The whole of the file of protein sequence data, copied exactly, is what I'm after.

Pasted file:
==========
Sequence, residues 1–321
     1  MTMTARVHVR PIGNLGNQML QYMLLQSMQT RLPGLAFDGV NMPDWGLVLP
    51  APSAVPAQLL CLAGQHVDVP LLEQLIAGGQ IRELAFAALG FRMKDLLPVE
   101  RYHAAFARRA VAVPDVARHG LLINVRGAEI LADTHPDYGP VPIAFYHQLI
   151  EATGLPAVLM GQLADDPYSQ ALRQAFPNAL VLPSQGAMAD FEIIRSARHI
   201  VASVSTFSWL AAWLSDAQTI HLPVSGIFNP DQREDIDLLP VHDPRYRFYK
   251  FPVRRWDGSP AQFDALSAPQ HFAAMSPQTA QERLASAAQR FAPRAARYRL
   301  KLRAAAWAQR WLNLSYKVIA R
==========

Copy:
Sequence, residues 1–321
     1  MTMTARVHVR PIGNLGNQML QYMLLQSMQT RLPGLAFDGV NMPDWGLVLP
    51  APSAVPAQLL CLAGQHVDVP LLEQLIAGGQ IRELAFAALG FRMKDLLPVE
   101  RYHAAFARRA VAVPDVARHG LLINVRGAEI LADTHPDYGP VPIAFYHQLI
   151  EATGLPAVLM GQLADDPYSQ ALRQAFPNAL VLPSQGAMAD FEIIRSARHI
   201  VASVSTFSWL AAWLSDAQTI HLPVSGIFNP DQREDIDLLP VHDPRYRFYK
   251  FPVRRWDGSP AQFDALSAPQ HFAAMSPQTA QERLASAAQR FAPRAARYRL
   301  KLRAAAWAQR WLNLSYKVIA R